Why Thai?

It’s hard to imagine the American restaurant landscape without Thai food: Tom yum and pad see ew are practically household names, and pad thai is the ultimate quarantine comfort food. (It's apparently zombie apocalypse comfort food, too, as shown on the Walking Dead.) According to the Thai Embassy, more than 50 percent of all Thai restaurants abroad are located in the United States and Canada. So why did the U.S.—and Los Angeles in particular—become the epicenter of Thai food’s global rise? How did Cold War politics and a shortage of ingredients lead to the creation of shrimp curry recipes made with anchovy paste and sour cream—as well as the jackfruit industry in Mexico? What does this all have to do with one street kid from Bangkok? Listen in now for these stories and more: it's a vacation for your tastebuds!

With the help of celebrity chef and entrepreneur Jet Tila, award-winning restaurateurs Saipin and Sabrina Chutima, and author Mark Padoongpatt, in this episode, we trace the history of Thai food in America, from pad thai’s surprisingly recent origins to the Thai government’s efforts at gastrodiplomacy. Along the way, we explore the concept of “yam” and get a Thai cooking lesson over Zoom—and we'll have the recipe for that delicious tom kha soup in our special supporters' newsletter!

Overhead shot of a white bowl filled with amber-colored noodles, shrimp, a lime wedge, and a handful of bean sprouts. Two hands hovering over the bowl are arranging the sprouts and sprinkling some crushed peanuts on top.
Still from Jet Tila's video on how to make his family's pad thai.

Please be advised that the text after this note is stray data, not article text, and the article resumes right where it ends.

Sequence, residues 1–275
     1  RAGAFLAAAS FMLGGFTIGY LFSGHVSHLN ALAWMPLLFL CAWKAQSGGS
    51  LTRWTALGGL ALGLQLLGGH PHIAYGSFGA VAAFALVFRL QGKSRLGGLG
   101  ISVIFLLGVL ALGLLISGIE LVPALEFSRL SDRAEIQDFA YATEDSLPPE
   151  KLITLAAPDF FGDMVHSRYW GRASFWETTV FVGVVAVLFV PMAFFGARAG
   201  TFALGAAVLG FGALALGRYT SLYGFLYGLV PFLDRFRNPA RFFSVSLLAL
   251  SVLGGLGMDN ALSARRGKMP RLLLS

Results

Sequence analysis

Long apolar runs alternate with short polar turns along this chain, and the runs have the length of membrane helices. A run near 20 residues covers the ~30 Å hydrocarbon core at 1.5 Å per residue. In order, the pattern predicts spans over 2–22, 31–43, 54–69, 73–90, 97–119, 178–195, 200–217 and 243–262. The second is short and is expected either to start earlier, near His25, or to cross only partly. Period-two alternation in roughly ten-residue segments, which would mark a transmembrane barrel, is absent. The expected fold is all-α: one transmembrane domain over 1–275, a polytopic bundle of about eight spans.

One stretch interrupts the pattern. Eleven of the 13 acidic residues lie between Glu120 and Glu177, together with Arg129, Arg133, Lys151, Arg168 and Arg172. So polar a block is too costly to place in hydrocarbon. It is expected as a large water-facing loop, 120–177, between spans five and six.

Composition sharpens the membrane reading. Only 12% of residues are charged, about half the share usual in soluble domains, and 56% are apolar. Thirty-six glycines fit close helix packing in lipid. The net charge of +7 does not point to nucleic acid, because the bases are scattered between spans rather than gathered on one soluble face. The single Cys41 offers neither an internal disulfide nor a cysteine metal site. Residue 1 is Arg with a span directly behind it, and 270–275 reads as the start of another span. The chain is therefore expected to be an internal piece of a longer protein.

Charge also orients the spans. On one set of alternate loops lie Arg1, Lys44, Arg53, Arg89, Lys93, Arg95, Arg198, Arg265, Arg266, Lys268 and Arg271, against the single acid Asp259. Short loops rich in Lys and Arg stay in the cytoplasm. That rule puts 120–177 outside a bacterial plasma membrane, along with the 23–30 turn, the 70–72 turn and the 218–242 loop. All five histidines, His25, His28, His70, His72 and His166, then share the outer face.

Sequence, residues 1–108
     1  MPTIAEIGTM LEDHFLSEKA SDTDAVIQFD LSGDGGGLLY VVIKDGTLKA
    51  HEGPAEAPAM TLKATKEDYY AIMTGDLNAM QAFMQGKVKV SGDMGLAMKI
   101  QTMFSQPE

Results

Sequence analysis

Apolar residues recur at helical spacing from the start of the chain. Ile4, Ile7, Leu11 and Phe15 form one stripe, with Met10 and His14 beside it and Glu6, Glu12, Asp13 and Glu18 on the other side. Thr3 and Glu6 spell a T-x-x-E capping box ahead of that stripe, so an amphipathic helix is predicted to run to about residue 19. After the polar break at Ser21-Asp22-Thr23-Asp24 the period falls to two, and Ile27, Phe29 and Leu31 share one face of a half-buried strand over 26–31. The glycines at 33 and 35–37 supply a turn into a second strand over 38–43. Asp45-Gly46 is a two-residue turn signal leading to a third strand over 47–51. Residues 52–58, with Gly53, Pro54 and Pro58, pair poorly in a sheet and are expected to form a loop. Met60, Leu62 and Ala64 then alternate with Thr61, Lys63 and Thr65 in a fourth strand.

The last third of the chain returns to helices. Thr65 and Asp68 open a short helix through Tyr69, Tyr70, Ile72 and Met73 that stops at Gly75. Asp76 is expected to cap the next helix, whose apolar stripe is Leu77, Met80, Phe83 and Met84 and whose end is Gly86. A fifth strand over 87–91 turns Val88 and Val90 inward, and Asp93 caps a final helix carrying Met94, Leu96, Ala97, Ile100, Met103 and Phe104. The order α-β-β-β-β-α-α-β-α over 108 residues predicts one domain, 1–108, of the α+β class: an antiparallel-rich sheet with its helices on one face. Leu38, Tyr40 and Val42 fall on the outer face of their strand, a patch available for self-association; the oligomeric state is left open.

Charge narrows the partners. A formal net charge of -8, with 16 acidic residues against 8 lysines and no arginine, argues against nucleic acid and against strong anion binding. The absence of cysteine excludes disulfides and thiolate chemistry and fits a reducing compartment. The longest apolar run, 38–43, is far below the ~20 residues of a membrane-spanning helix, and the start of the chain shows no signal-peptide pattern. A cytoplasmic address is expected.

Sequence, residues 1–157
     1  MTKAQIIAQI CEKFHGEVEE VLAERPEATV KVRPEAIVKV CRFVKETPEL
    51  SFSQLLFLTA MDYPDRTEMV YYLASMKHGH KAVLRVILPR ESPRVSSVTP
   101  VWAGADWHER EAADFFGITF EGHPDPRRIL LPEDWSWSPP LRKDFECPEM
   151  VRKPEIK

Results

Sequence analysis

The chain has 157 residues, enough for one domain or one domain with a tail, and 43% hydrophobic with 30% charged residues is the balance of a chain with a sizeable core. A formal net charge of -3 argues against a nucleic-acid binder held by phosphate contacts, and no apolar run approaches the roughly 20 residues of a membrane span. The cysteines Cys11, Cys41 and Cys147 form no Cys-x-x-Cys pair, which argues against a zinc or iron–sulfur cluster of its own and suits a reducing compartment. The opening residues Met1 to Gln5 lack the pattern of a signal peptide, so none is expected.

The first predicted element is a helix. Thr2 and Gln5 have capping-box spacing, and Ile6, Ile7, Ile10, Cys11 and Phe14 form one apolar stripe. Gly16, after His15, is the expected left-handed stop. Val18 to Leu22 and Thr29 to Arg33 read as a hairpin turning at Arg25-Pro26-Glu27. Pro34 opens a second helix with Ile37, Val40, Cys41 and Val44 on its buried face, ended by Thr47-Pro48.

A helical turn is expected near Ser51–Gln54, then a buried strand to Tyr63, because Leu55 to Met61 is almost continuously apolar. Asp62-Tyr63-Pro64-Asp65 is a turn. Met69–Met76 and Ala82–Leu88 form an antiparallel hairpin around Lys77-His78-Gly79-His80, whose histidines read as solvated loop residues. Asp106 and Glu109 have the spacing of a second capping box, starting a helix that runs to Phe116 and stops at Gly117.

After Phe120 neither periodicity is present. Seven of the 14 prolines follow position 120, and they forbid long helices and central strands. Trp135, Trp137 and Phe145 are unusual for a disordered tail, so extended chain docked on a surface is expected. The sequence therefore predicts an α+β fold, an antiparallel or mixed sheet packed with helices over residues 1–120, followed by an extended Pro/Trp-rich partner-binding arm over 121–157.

A note for our listeners: Some of you may have noticed that our speakers use both the term "kaffir" lime and "makrut" lime. We decided to keep the voices of those speaking about their own cuisine in our episode, but wanted to note that while the origins of the term "kaffir" lime are murky, it's considered an offensive and racist slur in many regions of the world today. You can read more about the issue here.

Episode Notes

Saipin Chutima & Sabrina Chutima

Saipin Chutima is the chef and owner of Lotus of Siam in Las Vegas, known for popularizing Northern Thai cuisine in the United States. Jonathan Gold called it “the best Thai restaurant in North America.” Saipin is the first Asian-born chef to win a James Beard award cooking the food of her own culture. Sabrina, her youngest daughter, has joined the family business as her mother’s sous chef.

Jet Tila

Jet Tila is a chef, entrepreneur, and Food Network star known for his appearances on “Iron Chef,” “Chopped,” and “Guy’s Grocery Games.” He hosts the Food Network show “Ready, Jet, Cook” and is the author of the cookbook 101 Asian Dishes You Need to Cook Before You Die and co-author of 101 Epic Dishes with his wife, pastry chef Ali Tila.

Mark Padoongpatt

Mark Padoongpatt is an associate professor and director of Asian and Asian American Studies at the University of Nevada, Las Vegas. Flavors of Empire: Food and the Making of Thai America is his first book.